Fortunately, a new product was designed in the UK called a “K Bridle”, and instead of the lead being attached to the underside of the (long) muzzle, the lead attaches high up on the neck behind the ears. If the dog lunges, there’s less resulting torque to the neck. I love this product and saw great changes when I convinced my husband to use the Bridle with our male dog who was becoming reactive. Confidence increased for BOTH dog and husband, and walks have become fun and relaxing. Right product, an understanding of how to use it, and conscious walking without a iphone in one’s hand. 🙂

    Reply

    • Christy says:
      Wednesday, November 18, 2015 at 12:37pm

      Sorry! That’s K9 Bridle.

      Reply

    • Tamar says:
      Wednesday, November 18, 2015 at 2:19pm

      I love the halter style head collars- a company in Canada called Newtrix also makes a behind the head attaching collar with a bit of martingale to it!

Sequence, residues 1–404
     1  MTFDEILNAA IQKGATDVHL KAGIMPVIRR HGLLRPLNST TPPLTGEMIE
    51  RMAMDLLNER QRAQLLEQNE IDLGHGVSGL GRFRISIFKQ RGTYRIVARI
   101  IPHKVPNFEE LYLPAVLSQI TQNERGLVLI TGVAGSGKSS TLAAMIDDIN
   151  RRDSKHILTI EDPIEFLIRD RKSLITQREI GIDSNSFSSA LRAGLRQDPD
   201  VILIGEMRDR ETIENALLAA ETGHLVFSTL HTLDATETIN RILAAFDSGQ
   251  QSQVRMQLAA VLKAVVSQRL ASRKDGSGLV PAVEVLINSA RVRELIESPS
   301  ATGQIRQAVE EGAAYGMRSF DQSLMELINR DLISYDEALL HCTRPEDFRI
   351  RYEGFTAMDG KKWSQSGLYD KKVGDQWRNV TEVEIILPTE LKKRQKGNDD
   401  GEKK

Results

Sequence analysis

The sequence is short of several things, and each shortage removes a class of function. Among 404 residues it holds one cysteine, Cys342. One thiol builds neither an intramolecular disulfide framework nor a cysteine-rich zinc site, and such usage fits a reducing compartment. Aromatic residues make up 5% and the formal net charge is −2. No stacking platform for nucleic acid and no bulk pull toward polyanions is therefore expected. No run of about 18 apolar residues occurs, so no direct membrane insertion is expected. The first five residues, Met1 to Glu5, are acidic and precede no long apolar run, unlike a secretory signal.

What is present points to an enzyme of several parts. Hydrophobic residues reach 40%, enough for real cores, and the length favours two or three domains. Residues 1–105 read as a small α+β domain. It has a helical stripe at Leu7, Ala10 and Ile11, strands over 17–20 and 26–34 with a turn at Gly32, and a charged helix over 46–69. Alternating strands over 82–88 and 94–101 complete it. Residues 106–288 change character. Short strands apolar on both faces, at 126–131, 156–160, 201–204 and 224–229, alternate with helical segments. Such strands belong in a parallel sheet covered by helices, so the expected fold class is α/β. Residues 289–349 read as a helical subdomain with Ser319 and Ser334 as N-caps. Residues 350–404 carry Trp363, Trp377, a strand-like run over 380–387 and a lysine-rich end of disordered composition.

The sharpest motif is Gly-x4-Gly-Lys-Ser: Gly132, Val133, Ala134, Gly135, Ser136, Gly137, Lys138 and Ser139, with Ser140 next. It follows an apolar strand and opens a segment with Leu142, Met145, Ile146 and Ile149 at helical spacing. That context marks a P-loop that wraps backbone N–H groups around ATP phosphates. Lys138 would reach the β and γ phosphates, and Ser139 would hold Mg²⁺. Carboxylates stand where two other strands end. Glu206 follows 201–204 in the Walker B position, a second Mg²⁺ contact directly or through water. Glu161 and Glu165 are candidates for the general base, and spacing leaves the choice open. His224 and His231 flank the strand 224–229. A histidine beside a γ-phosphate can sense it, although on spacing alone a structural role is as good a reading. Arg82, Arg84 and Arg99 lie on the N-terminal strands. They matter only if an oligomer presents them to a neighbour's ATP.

Reply

  13. Nitza - Lea says:
    Wednesday, November 18, 2015 at 12:23pm

    Thanks so much for your Education and Insperation!

    I , used to use the most strong ones you would not recomend, in the past, but tryed my best to not hert her, and y et- it is …

    via a frind who is now have become an official trainer in Positive Reinforsments, that intruduced me to the Fredome, and to listen to my dog vrss “fight” her, and.. their is a long way to go- but it is in much better horizon now!

    I still have hard time follow the web and the great constructive games- it is harder to follow instruction becouse A. I am staborn. 🙂 B. I am deaf- and most of the vediw is yet to be captioned, and C- the web it self- ( or I am getting old ) is hard to understand- but- I am optimistic- that if I do try to keep trying to follow we are all going to benefit!

    I am very happy that you incorege the envioranment “Education” – but without pushing- so on this page, I will try , bli neder, to expose my kid more to this idea ( but mostly she is with me over the day )

    Thanks, again.

    would you have any recomended program to follow your game and understanding building- for example- someone who did this before and more fluant who may be able to mentor us a bit?

    Thanks!

    Reply

  14. Judy Moore says:
    Wednesday, November 18, 2015 at 11:25am